03 Sep Four Things Your Tax Preparer Might Not Tell You
Oh, no! Tax time is almost here. If your tax return is a simple one, you may be able to file the return yourself. However, if your situation is more complicated and you are not confident preparing your return, seeking a qualified professional’s help is probably your best move.
Our company, SFS Tax Problem Solutions, specializes in helping people resolve their back-tax problems such as filing years of unfiled returns, settling your back taxes with the IRS, or negotiating favorable payment plans that are often unknown to the average taxpayer.
There are millions of people getting threatening letters from the IRS every year, and we can help. But how did these mostly honest people end up in trouble in the first place?
When you hire a professional to do your taxes, you assume that the person doing your taxes is an expert, with years of training, the right licenses and certifications. And the expertise needed to do the job and do it right. In many cases, blind trust should not be exercised. In today’s world, you can no longer simply select any tax preparer you find on Google.
The fact that the person you hire is allowed to do taxes is no guarantee of quality or qualifications.
Note: The COVID-19 tax relief, forgivable loan programs, and stimulus checks all have different and unforeseen tax consequences that you’ll need to consider. If you have any tax trouble or owe more than $10k to the IRS or state but can’t pay in full, contact our firm today. We help people find tax relief. Contact us today for help, https://sfstaxproblemsolutions.com/contact-us-at-sfs-tax-problem-solutions-in-stuart/.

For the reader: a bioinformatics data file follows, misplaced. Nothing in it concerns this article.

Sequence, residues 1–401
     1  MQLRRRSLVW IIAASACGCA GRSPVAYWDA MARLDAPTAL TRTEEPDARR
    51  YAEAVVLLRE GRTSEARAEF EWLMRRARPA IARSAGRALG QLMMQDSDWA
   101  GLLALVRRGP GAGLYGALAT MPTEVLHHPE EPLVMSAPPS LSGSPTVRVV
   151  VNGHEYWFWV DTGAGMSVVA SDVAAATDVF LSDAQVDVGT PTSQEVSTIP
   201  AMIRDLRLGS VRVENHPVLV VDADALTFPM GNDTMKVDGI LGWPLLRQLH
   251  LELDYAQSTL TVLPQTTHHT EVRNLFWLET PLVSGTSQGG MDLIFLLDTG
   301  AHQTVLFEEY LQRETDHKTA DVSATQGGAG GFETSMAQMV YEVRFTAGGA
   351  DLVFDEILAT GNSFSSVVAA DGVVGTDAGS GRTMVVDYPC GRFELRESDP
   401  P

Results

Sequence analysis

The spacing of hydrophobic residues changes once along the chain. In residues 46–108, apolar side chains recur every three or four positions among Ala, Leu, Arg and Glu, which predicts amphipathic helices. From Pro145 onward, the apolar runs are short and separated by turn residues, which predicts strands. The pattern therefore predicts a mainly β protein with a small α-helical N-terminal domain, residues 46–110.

Here are four things your tax preparer may not tell you, and how you could be subject to an unwanted tax bill at the end of the year.
1. A Lot of Tax Preparers Have No Tax-Specific Training or Expertise
The fact that an individual, or an employee of a tax preparation company, is allowed to complete tax returns means almost nothing. The tax preparer is not required to have tax-specific training or expertise to obtain the paid preparer tax identification number (PTIN) they need. The only requirement for getting the required PTIN is completing a simple form – one that takes about 15 minutes to fill out.
Before you hire any tax professional, you should ask about their specific training, qualifications, and expertise. Find out how long they have been doing taxes, ask about audits they have been involved in, and share your personal tax situation. Above all, do not hire anyone until you feel comfortable with their ability to handle your tax return correctly.
An Enrolled Agent or CPA licensed by the IRS is your best choice when looking for qualified tax professionals. We hear horror stories from our tax relief clients all the time where the tax preparer messed up something on their tax return or didn’t give the client the right tax strategy, so they ended up with a burdensome tax bill. It must be stated that a license does not mean quality. As there are good unlicensed preparers, there are also bad licensed ones—caveat emptor.
2. They Won’t Be Preparing Your Return, Who Will Be?
It is an open secret in the world of tax preparers that returns are prepared in stages. That means the firm owner or the most experienced professional will probably not be the one who initiates your return.